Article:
From the Viewsroom

The muddle over multicap funds

Aarati Krishnan | Updated on November 10, 2020 Published on November 10, 2020

SEBI should not try and fix something that is not broken

Indian mutual funds appear to be inordinately pleased with SEBI’s latest circular allowing them to add yet another category — flexicap funds — to their existing 36-category repertoire. Fund houses running large multicap schemes have been prompt to announce their conversion into flexicap funds. The reasons for this relief are not far to seek. The industry has been in a tizzy ever since the regulator decreed on September 11 that multicap schemes ought to stick to a minimum exposure of 25 per cent in large-, mid- and small-cap stocks, in the interests of truth in labelling. Multicap schemes have always tactically switched between different market cap segments based on market conditions.

Recently, due to expensive markets, they had parked over two-thirds of assets in large-caps with token mid- and small-cap exposures. SEBI’s diktat would have forced the industry to move about ₹30,000 crore into small-caps and ₹11,500 crore into mid-caps before January 1.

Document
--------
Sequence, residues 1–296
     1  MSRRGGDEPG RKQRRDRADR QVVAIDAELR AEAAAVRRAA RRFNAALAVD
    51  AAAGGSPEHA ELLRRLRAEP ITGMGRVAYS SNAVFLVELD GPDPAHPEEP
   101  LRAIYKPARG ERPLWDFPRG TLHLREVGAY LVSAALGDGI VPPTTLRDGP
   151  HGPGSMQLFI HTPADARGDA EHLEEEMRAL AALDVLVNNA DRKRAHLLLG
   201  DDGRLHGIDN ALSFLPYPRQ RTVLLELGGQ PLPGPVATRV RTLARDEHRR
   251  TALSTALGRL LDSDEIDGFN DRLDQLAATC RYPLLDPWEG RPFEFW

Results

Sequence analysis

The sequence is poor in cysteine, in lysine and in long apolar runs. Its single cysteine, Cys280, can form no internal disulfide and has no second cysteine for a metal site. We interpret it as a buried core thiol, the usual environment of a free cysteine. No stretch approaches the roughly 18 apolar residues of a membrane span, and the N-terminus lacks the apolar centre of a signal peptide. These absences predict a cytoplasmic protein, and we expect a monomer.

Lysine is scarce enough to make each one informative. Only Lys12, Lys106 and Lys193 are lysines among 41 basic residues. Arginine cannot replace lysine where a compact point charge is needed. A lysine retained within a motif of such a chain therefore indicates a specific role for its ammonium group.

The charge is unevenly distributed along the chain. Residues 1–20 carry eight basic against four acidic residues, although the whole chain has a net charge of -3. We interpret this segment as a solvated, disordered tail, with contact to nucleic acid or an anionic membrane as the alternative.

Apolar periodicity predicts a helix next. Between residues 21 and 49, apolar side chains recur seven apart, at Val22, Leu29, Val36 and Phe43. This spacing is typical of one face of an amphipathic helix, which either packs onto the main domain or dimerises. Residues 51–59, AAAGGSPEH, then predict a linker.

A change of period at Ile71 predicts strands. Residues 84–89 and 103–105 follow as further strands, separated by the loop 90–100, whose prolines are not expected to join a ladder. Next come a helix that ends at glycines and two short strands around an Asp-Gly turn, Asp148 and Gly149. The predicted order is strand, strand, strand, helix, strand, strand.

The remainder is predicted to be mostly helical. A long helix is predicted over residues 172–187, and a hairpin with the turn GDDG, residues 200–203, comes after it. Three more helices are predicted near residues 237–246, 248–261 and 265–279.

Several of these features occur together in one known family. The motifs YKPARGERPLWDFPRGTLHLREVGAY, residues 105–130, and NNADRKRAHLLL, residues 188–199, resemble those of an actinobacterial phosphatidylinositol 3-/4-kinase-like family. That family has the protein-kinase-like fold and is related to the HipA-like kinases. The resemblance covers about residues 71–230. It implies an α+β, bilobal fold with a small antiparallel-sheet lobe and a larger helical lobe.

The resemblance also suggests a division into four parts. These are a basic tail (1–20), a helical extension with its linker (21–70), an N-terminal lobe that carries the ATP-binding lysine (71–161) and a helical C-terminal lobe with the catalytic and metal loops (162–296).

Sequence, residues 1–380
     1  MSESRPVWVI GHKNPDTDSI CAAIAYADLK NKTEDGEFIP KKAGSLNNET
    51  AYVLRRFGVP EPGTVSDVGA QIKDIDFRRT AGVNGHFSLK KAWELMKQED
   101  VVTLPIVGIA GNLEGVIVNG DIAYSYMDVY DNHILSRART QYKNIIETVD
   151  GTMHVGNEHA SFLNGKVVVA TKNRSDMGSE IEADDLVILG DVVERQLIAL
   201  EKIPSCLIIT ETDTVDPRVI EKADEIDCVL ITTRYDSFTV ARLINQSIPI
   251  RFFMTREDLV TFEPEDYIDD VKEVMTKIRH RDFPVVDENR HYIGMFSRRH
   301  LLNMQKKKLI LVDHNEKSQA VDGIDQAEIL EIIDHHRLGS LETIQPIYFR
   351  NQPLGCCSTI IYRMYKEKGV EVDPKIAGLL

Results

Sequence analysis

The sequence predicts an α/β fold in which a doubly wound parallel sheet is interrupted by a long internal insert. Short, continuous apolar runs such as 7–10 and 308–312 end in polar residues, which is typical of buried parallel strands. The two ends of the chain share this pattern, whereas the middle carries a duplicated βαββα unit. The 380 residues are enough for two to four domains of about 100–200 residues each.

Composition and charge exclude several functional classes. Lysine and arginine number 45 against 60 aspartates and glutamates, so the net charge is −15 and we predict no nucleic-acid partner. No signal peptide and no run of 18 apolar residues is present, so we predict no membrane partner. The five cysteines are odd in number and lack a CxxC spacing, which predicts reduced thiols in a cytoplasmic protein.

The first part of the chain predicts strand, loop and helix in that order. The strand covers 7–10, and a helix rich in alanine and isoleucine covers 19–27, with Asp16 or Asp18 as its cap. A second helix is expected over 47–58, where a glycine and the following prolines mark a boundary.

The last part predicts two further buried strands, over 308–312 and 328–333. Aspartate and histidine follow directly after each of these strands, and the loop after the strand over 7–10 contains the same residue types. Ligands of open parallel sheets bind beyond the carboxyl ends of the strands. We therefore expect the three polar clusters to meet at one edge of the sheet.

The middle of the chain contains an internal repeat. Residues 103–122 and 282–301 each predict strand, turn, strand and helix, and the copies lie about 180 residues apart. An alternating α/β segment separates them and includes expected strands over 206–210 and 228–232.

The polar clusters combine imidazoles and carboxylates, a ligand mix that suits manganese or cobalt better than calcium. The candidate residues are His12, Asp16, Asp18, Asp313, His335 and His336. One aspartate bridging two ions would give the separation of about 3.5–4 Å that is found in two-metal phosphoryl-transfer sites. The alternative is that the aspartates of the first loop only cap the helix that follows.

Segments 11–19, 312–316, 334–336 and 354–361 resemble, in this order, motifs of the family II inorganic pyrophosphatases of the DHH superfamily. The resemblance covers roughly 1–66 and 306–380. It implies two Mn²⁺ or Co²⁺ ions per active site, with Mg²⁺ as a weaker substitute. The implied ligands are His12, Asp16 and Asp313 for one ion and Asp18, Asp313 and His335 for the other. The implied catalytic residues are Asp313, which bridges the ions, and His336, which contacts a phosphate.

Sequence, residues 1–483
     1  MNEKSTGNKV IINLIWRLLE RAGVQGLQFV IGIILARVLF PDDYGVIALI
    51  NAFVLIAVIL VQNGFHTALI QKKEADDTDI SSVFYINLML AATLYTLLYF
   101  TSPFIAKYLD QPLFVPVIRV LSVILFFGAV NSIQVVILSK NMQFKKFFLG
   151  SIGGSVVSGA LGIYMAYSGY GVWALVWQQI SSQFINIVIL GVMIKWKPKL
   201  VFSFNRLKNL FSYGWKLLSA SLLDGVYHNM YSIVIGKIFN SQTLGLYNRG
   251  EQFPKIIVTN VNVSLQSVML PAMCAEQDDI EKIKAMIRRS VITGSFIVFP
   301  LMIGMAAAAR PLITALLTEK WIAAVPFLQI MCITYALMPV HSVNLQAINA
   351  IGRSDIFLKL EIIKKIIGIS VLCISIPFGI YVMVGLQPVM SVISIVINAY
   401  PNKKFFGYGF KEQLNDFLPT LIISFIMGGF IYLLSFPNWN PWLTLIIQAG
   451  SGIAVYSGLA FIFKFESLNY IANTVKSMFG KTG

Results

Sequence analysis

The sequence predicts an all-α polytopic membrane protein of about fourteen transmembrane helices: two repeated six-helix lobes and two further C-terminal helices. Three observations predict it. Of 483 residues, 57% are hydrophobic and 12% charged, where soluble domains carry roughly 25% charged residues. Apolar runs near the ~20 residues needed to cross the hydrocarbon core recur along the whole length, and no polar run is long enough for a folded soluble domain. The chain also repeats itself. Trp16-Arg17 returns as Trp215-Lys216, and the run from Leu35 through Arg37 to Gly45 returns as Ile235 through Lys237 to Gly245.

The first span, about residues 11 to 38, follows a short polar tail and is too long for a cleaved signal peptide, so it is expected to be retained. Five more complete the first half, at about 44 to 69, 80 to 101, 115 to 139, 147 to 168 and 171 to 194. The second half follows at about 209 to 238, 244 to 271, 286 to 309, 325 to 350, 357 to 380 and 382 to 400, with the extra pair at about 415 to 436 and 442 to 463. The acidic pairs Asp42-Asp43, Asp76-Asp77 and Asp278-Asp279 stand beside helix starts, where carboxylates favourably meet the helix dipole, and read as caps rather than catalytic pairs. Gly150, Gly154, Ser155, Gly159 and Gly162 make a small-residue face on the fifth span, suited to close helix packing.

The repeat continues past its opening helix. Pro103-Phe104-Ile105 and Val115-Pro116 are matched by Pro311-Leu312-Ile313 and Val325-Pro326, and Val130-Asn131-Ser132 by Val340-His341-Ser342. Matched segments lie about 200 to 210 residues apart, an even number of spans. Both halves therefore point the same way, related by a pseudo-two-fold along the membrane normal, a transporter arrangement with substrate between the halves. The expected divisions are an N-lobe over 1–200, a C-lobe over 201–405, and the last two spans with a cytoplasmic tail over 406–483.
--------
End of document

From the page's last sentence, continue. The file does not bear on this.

This would have entailed high impact costs, given the notoriously shallow market depth in these segments. With small-caps rallying hard since March, funds would have had to acquire these positions at stiff valuations too. With the Nifty500 index, the multicap fund benchmark, featuring only a 6 per cent weight to small-caps and 16 per cent to mid-caps, multicap funds would have been rendered less comparable to their benchmark too. All this had investors wondering if they should bail out of the multicap category for good. While MFs were lobbying hard with SEBI to reverse this move, speculators were busy building up short-term positions in small-caps to front-run them, leading to speculative froth. All this leads one to wonder whose interests SEBI was trying to protect when it mooted this idea. With its November 6 circular opening an escape hatch for multicap managers, they now have the comfortable option of simply renaming their schemes as ‘flexicap’, while changing nothing. This status quo is in the interests of investors who can now avoid unnecessary churn and taxes on their holdings. Next time perhaps, SEBI should think twice before fixing something that isn’t really broken.

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Published on November 10, 2020
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